He listens to music two or more hours per day, when he's commuting, when he's at the gym, when he's performing household chores on the weekends, whenever he's in the car. He listens while he is at work and when he's studying --usually to familiar songs; new ones break his concentration. When he’s in his car he primarily listens to the radio as the radio seems to tie him down less.The radio also keeps Matt current with what’s new in the music world and is his primary source when mining for new artists.
He's never used MySpace or any of the other social networking sites. He relies mostly on the radio and tips from a handful of friends at work who are into music.
He doesn't care what the musicians look like, but he likes the art and commentary that comes on album liners. He never has bought a CD at a concert; he usually buys them before seeing a group in concert. He disdains bands in which the lead singer does not also play an instrument; somehow if you don't play an instrument it seems like you are not a real musician. He’s never been after the story; lyrics take a back seat. It’s the music. It has never been the personalities or the appearance of musicians that mattered; only their music and how they played it.He has high standards. More than once he has gone to a concert and the music did not measure up to the same musicians’ recording. That says to Matt that the studio recording was overproduced, possibly to cover up a talent deficit. He listens to albums straight through, from the first song to the last, because the musicians put them in a particular order and thus the sequence reveals part of the art.
Now, music has been upstaged and pushed to the wings of his life a bit. Other things like law school, job promotions, and his marriage, are downstage. But he still has his iPod, and his collection is still on it. He hasn’t forgotten that music is part of his life and that’s it is still there. He went to only six concerts over the last two years, down considerably from his college years, when he was a regular. In the last year or so he's been to concerts at Park West, Wrigley, Schubas, and he went to Lollapalooza, for Pearl Jam and My Morning Jacket this year, and for Red Hot Chili Peppers last year. He rarely goes to smaller venues, except his wife’s friend, a music reviewer, is in town. Then Matt, his wife and her friend all go and they always have a good time, sometimes discovering a new band that they all agree has promise.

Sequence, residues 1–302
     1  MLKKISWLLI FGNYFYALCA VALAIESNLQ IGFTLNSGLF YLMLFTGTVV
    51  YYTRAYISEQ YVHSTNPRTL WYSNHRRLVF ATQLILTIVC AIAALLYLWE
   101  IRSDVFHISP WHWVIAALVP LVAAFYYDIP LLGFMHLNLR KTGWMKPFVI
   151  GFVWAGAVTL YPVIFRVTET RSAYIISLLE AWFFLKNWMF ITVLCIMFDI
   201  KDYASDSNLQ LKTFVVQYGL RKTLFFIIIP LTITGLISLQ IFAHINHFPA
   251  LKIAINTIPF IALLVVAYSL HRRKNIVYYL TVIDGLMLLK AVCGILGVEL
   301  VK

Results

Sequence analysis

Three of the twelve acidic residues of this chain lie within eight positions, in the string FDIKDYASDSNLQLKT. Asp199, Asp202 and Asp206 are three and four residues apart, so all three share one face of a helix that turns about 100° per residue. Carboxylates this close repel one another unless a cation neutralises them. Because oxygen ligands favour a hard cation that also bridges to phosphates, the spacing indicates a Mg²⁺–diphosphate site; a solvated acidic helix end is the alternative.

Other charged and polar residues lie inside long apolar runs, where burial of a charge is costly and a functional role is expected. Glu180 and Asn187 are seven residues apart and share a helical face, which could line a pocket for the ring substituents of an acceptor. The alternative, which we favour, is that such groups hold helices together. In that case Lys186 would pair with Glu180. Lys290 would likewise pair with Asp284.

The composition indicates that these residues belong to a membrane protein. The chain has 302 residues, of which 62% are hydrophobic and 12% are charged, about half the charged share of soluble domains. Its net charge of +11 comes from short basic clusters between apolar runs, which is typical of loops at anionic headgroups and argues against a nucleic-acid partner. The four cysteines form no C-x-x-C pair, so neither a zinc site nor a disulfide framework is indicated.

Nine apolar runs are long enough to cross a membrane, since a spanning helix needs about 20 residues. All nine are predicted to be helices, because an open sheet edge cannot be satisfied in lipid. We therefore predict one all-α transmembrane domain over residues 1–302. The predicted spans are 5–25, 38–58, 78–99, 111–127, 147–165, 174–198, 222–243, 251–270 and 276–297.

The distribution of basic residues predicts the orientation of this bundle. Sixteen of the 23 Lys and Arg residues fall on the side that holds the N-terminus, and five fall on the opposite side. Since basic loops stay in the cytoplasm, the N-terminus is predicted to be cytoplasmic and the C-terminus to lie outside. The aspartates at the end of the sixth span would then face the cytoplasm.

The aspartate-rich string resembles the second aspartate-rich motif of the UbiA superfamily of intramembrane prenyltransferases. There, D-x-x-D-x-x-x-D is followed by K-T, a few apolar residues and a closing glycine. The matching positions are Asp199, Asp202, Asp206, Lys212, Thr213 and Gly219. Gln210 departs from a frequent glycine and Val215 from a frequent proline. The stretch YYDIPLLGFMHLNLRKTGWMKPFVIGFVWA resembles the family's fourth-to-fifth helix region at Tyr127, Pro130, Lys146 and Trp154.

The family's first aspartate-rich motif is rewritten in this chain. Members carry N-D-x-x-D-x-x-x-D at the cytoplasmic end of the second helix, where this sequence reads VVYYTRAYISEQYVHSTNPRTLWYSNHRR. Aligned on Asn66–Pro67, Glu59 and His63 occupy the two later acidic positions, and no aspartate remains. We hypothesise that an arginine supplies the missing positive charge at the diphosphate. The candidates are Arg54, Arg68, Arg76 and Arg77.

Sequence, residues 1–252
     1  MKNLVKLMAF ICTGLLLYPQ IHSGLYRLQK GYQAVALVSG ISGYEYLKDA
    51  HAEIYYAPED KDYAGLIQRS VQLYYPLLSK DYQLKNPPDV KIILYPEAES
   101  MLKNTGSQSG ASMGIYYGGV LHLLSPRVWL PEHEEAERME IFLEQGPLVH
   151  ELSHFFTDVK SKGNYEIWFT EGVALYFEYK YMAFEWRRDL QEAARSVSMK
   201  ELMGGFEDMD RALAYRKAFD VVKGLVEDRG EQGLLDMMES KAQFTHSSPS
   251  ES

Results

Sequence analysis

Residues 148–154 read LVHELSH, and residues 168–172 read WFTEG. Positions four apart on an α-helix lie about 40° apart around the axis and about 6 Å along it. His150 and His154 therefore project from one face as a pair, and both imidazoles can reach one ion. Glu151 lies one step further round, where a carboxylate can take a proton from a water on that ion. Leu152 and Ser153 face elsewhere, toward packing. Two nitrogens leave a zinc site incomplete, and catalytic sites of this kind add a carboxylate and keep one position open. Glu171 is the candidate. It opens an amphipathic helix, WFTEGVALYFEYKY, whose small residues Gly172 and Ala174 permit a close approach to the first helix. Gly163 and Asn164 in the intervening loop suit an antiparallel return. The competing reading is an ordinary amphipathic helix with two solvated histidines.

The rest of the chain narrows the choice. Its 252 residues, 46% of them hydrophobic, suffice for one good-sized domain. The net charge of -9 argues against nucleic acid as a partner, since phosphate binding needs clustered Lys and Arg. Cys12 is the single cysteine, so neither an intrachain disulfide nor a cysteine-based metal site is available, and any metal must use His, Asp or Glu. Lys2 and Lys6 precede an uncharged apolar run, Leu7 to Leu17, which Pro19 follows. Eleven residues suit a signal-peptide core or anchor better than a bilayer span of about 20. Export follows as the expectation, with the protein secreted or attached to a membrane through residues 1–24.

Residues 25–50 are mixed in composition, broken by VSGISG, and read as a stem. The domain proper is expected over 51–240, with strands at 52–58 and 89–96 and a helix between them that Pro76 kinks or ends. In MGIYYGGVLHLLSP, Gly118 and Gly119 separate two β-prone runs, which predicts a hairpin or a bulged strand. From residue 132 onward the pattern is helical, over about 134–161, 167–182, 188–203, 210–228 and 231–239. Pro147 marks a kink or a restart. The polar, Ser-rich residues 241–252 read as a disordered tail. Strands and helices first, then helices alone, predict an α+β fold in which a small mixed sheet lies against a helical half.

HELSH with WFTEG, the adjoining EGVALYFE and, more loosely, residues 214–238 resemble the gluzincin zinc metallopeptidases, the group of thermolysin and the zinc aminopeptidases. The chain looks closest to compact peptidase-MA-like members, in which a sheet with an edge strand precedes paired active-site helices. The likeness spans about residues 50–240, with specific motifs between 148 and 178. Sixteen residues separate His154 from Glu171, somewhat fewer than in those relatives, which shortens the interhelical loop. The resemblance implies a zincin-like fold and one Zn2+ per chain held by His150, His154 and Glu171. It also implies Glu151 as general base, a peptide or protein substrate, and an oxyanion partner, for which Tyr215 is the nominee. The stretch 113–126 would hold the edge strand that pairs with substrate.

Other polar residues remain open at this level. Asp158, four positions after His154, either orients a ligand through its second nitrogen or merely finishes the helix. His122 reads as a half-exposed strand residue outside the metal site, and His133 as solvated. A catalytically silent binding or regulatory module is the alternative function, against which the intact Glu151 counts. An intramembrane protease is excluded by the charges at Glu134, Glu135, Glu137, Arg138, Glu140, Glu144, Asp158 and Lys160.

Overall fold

His favorites are, for the most part, bands who have “made it”—who have major label deals. The Chicago indie scene is only dimly audible to him. His all time favorite is Phish, but also on his list of favorites is Widespread Panic (Southern rock, and blues), Moe, and Kanye West. He likes Wilco (alt country, alt folk and experimental) and Smashing Pumpkins (layered, heavy guitar alternative), but not LinkenPark, which he finds to be too heavy. Also on his favorites list are The Shins (Indie Rock), Sam Roberts Band (traditional rock), My Morning Jacket (reverb-heavy mix of jam, country, and psychedelic rock), The Raconteurs (heavy indie rock), The Red Hot Chili Peppers (rap intermixed with melodic vocals; improvisational). His favorite genre is firmly rooted in rock n’ roll, “brushing the edges of hard rock," but recently he’s gotten into hip hop. He was unfamiliar with The Academy Is and Bound Stems, had heard of My Chemical Romance but not listened to their music. He likes Fall Out Boy, in part because Pete Wentz went to high school with his wife.
Music has always been closely tied to Matt’s memories.To this day he can still remember where he was when he listened to certain albums or songs for the first time.Before taking vacations, Matt typically bought a new album for the trip.Billy Breathe’s by Phish reminds Matt of walking through the airport in Sydney Australia; Pearl Jam’s Daughter reminds Matt of Thanksgiving at his aunt’s house in Evansville, IN; Stone Temple Pilot’s, Purple reminds Matt of a high school trip to New Mexico; Travis, The Man Who reminds Matt of his study abroad experience in London, specifically his dailyjogs through Hyde Park; and Galactic,Late for the Future reminds Matt of a trip he took to L.A.
Matt Vaughn is an explorer and a discoverer, but he knows what he likes. When he likes new music, it becomes a part of his life.